5/

This rule is implemented as a requirement that at least 65 percent of reserves must be held in the operations account.

6/

The emphasis on rediscounting derives from the limited development of domestic financial markets and the absence of bank reserve requirements; for an analysis, see Bourdin (1980). To implement the credit restriction rules, each central bank’s operations account balance is notionally allocated among the member countries, with a residual allocated to the bank itself.

7/

In 1990, the authorities in Belgium and Luxembourg took steps to strengthen the linkages with the deutsche mark by announcing a policy of adjusting interest rates to maintain the parity with the mark and to stay well within the allowed EMS margins.

8/

Eichengreen (1990), for example, applies these criteria to European countries and concludes that “Europe remains further than the currency unions of North America from the ideal of an optimum currency area.”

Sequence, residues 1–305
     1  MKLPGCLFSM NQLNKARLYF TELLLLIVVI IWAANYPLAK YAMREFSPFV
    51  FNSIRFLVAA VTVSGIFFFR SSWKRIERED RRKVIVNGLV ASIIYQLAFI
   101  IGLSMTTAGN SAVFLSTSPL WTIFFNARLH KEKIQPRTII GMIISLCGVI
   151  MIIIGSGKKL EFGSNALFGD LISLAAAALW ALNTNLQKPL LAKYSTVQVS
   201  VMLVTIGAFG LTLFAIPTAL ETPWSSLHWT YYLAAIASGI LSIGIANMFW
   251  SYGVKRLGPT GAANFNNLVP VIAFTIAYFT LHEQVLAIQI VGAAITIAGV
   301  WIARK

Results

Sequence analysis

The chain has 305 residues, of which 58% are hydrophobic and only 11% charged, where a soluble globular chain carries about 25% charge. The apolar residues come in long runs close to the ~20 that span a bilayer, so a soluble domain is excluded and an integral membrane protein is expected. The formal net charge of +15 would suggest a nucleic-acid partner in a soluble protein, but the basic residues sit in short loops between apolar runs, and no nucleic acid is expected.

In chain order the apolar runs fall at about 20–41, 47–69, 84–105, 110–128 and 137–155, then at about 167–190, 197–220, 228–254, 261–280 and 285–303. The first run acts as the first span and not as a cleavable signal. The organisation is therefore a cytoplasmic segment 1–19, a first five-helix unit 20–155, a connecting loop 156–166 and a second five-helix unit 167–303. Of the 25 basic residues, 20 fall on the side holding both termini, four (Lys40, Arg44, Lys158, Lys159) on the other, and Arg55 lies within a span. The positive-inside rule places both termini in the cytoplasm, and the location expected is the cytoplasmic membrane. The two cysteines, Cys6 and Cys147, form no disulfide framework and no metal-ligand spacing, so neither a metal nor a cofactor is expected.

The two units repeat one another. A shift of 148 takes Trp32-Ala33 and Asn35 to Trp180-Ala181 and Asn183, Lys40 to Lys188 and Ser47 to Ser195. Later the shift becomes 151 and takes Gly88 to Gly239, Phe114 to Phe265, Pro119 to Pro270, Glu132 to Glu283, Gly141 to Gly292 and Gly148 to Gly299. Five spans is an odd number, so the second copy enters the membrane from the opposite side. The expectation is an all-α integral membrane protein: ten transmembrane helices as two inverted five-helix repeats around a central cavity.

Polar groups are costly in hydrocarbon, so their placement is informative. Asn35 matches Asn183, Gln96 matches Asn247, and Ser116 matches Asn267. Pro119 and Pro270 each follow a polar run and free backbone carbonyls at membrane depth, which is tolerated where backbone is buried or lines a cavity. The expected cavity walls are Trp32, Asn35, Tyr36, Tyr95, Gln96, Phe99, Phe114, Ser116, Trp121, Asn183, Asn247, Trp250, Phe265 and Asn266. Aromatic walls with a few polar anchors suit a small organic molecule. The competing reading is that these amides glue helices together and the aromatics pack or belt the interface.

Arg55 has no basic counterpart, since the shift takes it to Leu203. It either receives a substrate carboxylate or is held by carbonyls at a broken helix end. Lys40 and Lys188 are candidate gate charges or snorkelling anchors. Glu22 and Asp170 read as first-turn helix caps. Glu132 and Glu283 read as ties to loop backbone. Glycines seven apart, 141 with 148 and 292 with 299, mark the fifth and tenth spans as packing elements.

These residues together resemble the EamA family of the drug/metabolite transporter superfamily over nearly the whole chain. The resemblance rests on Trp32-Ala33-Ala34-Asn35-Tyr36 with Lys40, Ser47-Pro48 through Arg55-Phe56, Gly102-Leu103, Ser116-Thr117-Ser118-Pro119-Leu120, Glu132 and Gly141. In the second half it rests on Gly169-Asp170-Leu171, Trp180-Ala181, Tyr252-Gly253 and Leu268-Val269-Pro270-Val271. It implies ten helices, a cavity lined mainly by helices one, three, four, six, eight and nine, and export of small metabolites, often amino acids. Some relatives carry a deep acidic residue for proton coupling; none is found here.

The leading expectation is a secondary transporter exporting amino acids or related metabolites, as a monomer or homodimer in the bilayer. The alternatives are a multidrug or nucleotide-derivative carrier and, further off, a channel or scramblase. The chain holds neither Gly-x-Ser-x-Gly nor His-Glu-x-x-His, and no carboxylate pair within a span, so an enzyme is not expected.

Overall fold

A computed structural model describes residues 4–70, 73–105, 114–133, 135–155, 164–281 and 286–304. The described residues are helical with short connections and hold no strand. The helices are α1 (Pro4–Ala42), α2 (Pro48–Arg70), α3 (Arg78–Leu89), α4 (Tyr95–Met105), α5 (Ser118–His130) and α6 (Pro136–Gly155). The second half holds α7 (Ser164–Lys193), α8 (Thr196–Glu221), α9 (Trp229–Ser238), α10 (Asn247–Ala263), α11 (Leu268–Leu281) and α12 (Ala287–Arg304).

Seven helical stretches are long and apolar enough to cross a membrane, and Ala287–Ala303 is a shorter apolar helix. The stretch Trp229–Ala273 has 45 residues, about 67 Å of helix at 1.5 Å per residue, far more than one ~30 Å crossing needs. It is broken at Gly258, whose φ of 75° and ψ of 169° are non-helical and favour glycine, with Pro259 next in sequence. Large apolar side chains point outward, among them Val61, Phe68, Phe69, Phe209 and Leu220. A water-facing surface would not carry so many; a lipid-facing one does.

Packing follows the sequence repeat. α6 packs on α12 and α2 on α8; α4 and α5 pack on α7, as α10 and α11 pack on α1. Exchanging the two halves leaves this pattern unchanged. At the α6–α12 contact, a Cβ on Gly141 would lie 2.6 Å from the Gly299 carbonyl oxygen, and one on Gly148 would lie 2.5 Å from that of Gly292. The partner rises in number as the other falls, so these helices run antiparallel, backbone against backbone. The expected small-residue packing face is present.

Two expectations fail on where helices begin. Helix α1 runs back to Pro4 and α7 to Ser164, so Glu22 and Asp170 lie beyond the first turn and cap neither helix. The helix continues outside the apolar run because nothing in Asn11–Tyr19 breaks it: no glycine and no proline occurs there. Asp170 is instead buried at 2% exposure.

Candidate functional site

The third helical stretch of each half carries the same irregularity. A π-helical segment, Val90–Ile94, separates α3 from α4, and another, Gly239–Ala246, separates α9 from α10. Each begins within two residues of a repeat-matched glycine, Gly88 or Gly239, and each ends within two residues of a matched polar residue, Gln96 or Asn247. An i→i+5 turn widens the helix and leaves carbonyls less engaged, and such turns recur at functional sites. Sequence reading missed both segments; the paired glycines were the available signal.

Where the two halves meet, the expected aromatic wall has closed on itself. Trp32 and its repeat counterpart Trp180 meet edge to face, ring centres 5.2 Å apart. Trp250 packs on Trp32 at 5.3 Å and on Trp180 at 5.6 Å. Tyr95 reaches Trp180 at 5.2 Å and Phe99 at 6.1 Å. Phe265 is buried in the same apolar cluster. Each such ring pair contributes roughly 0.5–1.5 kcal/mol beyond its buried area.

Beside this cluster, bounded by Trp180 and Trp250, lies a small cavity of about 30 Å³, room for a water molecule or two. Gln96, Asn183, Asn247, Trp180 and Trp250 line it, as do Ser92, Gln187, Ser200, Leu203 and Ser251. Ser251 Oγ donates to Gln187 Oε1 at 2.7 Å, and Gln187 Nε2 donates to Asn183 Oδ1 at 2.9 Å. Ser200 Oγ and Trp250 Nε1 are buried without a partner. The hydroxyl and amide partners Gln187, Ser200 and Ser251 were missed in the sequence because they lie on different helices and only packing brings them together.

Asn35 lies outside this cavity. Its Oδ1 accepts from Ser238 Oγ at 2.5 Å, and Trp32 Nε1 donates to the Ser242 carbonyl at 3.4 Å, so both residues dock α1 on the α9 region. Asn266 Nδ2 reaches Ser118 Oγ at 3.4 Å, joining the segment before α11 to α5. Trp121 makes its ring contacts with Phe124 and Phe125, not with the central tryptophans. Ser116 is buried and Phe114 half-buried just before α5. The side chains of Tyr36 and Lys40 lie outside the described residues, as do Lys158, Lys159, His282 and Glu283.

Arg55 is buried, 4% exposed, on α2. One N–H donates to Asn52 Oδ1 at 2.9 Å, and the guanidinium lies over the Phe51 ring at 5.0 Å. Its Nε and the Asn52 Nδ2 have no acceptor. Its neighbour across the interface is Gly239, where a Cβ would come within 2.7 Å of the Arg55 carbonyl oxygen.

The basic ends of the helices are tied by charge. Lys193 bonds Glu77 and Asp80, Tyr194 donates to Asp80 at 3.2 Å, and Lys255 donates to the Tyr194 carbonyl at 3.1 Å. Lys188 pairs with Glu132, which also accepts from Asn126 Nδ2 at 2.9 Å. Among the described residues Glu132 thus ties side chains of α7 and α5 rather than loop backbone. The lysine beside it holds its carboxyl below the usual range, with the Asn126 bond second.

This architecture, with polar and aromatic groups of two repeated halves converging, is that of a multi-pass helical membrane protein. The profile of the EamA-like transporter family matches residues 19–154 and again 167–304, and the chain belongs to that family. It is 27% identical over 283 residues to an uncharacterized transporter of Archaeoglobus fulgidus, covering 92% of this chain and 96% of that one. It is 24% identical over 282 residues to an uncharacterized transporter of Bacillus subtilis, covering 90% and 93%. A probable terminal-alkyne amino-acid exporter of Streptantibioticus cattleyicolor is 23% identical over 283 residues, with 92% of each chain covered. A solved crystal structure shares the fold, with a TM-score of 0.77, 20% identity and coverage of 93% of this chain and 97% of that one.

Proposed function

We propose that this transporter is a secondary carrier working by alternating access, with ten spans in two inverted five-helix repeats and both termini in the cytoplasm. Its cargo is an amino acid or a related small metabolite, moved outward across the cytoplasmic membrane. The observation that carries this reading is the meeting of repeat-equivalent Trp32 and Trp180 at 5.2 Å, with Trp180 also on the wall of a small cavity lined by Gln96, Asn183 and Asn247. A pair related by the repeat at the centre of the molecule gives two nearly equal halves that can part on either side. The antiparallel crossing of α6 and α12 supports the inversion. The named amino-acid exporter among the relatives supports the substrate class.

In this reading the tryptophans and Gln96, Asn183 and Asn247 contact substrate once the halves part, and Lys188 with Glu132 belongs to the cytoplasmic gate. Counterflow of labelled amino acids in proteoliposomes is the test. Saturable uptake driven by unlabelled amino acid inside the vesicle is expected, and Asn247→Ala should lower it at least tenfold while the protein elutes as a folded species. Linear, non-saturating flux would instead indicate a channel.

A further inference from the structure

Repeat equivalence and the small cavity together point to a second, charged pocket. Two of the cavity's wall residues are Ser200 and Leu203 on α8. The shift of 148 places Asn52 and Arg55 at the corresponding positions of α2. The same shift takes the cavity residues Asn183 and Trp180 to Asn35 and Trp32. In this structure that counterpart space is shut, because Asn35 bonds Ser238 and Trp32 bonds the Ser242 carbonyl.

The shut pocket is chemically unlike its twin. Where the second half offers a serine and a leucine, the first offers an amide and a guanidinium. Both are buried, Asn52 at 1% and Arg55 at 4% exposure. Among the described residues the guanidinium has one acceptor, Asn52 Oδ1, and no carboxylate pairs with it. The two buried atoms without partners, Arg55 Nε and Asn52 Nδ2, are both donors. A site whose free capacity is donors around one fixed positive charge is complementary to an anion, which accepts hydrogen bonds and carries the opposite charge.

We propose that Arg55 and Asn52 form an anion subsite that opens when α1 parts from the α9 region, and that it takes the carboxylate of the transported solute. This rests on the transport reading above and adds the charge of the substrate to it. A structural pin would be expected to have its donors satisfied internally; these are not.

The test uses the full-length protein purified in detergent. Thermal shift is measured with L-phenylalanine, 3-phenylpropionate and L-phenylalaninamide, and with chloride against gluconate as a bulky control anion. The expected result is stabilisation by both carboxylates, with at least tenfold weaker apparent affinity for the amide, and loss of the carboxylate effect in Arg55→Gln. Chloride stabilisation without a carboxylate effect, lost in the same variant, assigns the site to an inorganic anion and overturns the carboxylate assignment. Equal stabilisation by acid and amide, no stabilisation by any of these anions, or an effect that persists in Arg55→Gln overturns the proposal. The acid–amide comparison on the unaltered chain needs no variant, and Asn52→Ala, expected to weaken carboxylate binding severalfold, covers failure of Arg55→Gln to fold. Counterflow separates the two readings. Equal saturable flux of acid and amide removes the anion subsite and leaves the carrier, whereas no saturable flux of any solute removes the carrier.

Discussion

9/

For a fuller discussion of the early literature, see Ishiyama (1975).

10/

Basic data are from the International Coffee Organization, Quarterly Statistical Bulletin, various dates. The published data for the Congo and Gabon are measured per kilogram of dry cherry coffee; those prices have been multiplied by two to make them equivalent to the prices for green coffee reported for the other countries. The market price is the ICO’s indicator price for robustas (the variety produced throughout the region), converted from US dollars to CFA francs at end-year exchange rates.

11/

Labor mobility may also be supplemented by capital mobility, but what matters in this context is less financial than physical capital. The CFA franc is freely convertible into French francs, and there is thus a high degree of capital mobility. Whether this feature translates into movements of capital in support of economic activity where labor is relatively plentiful is more doubtful.